# Thread: Statistical Modelling

1. ## Statistical Modelling

A measuring technique is biased if the population mean of
replicate measurements made by it diﬀers from the true value of what
is being measured. In ”Selected Values of the Thermodynamic Prop-
erties of the Elements” (American Society for Metals, 1973) a value
of 1246 degrees celcius is given for the melting point of manganese.
Suppose that 4 determinations carried out by the metallurgist gave, in
degrees Celcius: 1247, 1254, 1250, 1253. Taking the published value
to be the true value, would you judge the metallurgist’s results to be
biased if you were prepared to take a 5% risk of making a false accu-
sation of bias? Would your answer be the same if this chance is only
1%? What judgment would you make in this respect if the data were
1261, 1268, 1264, 1267.

2. Originally Posted by mamt6
A measuring technique is biased if the population mean of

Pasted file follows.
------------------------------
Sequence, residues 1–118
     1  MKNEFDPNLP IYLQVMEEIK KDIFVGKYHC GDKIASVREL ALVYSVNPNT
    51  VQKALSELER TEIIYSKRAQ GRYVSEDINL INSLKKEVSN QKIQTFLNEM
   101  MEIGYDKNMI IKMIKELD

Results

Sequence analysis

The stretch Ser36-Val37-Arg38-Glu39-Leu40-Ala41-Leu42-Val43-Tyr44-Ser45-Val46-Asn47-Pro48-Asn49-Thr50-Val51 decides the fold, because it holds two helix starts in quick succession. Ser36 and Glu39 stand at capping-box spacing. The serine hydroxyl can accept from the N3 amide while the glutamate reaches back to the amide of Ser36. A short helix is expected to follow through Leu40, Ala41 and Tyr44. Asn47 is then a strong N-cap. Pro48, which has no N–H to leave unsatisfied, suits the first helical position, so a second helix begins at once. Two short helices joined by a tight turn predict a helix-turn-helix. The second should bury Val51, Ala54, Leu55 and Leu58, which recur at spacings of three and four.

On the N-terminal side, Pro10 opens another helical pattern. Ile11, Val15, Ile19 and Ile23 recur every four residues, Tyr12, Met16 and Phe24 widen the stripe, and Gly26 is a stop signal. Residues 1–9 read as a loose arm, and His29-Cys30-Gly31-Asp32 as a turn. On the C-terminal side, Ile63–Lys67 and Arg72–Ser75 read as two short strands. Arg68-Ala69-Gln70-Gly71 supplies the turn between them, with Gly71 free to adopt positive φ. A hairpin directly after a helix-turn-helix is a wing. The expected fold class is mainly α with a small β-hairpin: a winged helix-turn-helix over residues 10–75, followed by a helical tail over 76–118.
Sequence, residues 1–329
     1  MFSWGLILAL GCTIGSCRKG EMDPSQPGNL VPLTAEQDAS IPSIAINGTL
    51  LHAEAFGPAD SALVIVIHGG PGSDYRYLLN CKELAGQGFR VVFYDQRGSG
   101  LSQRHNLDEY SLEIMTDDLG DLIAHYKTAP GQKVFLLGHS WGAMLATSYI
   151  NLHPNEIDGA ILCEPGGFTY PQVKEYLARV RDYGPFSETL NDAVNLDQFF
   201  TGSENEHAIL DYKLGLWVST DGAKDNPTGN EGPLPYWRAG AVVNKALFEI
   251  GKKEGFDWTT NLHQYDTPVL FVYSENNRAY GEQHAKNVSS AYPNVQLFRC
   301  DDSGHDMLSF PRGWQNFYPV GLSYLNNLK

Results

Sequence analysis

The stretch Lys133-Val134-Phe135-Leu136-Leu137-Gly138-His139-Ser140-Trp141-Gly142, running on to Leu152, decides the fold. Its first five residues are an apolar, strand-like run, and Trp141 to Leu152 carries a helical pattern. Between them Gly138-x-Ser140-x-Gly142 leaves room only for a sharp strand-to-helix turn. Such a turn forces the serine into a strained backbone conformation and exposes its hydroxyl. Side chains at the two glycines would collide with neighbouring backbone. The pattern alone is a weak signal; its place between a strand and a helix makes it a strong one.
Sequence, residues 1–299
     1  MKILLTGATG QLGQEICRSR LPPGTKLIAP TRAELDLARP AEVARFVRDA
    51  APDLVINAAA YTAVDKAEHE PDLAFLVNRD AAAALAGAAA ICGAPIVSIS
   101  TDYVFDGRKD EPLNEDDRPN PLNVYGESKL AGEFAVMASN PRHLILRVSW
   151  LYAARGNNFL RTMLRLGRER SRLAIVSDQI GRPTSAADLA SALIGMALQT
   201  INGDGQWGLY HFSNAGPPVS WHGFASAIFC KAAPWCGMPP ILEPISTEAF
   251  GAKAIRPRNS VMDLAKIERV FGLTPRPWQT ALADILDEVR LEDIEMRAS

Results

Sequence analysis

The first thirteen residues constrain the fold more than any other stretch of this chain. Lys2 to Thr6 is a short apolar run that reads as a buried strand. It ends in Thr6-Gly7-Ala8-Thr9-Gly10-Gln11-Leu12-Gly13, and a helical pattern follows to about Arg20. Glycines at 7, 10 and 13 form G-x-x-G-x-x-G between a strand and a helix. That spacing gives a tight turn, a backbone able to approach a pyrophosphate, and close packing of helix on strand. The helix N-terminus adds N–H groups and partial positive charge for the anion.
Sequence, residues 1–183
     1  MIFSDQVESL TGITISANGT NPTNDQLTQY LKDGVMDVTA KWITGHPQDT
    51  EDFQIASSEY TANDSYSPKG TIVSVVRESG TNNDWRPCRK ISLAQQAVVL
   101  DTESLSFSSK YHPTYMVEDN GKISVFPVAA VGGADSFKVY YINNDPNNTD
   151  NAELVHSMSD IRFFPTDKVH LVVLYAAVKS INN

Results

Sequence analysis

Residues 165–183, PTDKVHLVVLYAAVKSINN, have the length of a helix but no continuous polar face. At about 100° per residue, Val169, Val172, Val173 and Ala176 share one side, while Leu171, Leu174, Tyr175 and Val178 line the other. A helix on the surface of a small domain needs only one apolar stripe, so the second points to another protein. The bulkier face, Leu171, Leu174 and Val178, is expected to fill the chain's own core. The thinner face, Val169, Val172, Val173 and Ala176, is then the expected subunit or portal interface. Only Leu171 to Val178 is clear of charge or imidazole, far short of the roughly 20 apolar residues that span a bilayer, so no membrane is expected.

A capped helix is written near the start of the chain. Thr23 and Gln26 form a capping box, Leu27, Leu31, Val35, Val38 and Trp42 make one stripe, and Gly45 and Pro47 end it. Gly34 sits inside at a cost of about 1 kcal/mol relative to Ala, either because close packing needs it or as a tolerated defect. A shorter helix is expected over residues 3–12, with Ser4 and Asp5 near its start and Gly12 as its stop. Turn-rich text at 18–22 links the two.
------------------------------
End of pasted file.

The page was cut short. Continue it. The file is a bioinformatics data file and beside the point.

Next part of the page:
replicate measurements made by it diﬀers from the true value of what
is being measured. In ”Selected Values of the Thermodynamic Prop-
erties of the Elements” (American Society for Metals, 1973) a value
of 1246 degrees celcius is given for the melting point of manganese.
Suppose that 4 determinations carried out by the metallurgist gave, in
degrees Celcius: 1247, 1254, 1250, 1253. Taking the published value
to be the true value, would you judge the metallurgist’s results to be
biased if you were prepared to take a 5% risk of making a false accu-
sation of bias? Would your answer be the same if this chance is only
1%? What judgment would you make in this respect if the data were
1261, 1268, 1264, 1267.
If you assume that measurement errors are normally distributed would that help?

Does the t-distribution then have anything to do with the question?

CB